One of the most common points of confusion among undergraduates and new graduate students is how to contact professors to serve as potential faculty advisors. This can be a minefield. I have been on the receiving end of many emails from hapless students who clearly had no guidance, and whose communication with me ended up appearing flippant and rude.
Here is that sort of email:
“Dear Professor Kelsky, I am a student at XXX College and I’m thinking about graduate school/doing research on xxx and I’m getting in touch to ask if you can give me any advice or direction about that. Sincerely, student X”
This is an instant-delete email.
Here is what an email to a professor should look like:
“Dear Professor XXX,
I am a student at XXX College with a major in xxx. I am a junior and will be graduating next May. I have a 4.0 GPA and experience in our college’s summer program in xxx.
I am planning to attend graduate school in xxx, with a focus on xxx. In one of my classes, “xxx,” which was taught by Professor XXX, I had the chance to read your article, “xxxx.” I really enjoyed it, and it gave me many ideas for my future research. I have been exploring graduate programs where I can work on this topic.
I hope you don’t mind my getting in touch, but I’d like to inquire whether you are currently accepting graduate students. And if you are, if you’d be willing to talk to me a bit more, by email or on the phone, or in person if I can arrange a campus visit, about my graduate school plans. I have explored your department’s graduate school website in detail, and it seems like an excellent fit for me because of its emphasis on xx and xx, but I still have a few specific questions about xx and xxx that I’d like to talk to you about.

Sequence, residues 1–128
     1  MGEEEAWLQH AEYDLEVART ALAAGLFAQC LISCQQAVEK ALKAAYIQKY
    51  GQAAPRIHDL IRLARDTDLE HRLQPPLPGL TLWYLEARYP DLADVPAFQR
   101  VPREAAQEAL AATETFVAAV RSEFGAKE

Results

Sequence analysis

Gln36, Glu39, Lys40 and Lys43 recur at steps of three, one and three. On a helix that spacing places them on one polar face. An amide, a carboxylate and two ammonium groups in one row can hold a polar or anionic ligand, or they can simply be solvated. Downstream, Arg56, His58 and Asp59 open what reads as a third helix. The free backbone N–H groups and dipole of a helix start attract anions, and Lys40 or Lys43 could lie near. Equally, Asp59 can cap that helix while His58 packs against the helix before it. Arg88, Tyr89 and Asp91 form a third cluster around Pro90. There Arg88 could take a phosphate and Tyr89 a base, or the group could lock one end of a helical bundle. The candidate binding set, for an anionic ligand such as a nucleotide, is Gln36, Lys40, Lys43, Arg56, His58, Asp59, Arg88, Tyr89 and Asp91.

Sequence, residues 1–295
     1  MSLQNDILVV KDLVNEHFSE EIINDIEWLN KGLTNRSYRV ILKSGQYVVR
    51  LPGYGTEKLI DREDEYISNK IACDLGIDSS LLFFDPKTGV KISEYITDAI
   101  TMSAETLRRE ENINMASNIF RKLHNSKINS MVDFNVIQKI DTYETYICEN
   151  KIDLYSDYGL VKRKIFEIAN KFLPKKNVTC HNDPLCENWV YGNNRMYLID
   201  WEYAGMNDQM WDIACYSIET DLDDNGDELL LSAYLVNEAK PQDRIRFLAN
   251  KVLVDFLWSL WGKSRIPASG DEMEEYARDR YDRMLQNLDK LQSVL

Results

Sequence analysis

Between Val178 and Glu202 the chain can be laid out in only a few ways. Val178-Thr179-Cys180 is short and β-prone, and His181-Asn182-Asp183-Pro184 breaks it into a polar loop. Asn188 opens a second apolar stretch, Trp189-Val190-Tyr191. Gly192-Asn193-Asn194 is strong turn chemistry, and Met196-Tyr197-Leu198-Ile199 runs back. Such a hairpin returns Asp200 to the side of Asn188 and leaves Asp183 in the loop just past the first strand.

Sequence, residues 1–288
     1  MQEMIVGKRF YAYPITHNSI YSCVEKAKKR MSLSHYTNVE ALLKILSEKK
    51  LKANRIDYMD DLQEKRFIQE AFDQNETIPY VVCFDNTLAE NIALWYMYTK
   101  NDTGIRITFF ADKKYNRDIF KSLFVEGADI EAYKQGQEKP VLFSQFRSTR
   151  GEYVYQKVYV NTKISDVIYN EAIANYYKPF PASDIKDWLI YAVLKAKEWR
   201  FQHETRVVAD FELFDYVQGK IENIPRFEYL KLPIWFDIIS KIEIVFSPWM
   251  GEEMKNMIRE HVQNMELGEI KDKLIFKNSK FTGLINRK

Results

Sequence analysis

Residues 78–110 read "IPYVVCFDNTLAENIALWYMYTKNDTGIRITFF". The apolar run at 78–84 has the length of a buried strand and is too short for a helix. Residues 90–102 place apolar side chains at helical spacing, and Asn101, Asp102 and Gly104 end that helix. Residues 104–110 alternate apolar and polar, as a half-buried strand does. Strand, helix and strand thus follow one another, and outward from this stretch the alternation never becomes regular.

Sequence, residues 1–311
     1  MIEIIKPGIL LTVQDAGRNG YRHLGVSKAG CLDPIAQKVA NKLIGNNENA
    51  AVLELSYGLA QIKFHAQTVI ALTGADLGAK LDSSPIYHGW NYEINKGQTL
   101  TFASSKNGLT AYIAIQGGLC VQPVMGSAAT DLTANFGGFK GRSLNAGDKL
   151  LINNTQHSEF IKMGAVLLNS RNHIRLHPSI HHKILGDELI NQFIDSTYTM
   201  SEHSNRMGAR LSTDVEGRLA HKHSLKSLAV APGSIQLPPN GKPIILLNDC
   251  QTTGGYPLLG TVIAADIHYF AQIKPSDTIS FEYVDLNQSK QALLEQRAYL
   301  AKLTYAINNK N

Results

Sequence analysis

I know you’re very busy so I appreciate any time you can give me. Thanks very much,
Why is this email good? Because it shows that you are serious and well qualified. It shows that you have done thorough research and utilized all the freely available information on the website. It shows that you have specific plans which have yielded specific questions. It shows that you are familiar with the professor’s work. It shows that you respect the professor’s time.
All of these attributes will make your email and your name stand out, and exponentially increase your chances of getting a timely, thorough, and friendly response, and potentially building the kind of relationship that leads to a strong mentoring relationship.
If the professor doesn’t respond in a week or so, send a follow up email gently reminding them of your initial email, and asking again for their response. If they ignore you again, best to probably give up. But professors are busy and distracted, and it may take a little extra effort to get through.
(This post originally published on the blog, Project Graduate School–http://www.projectgraduateschool.wordpress.com).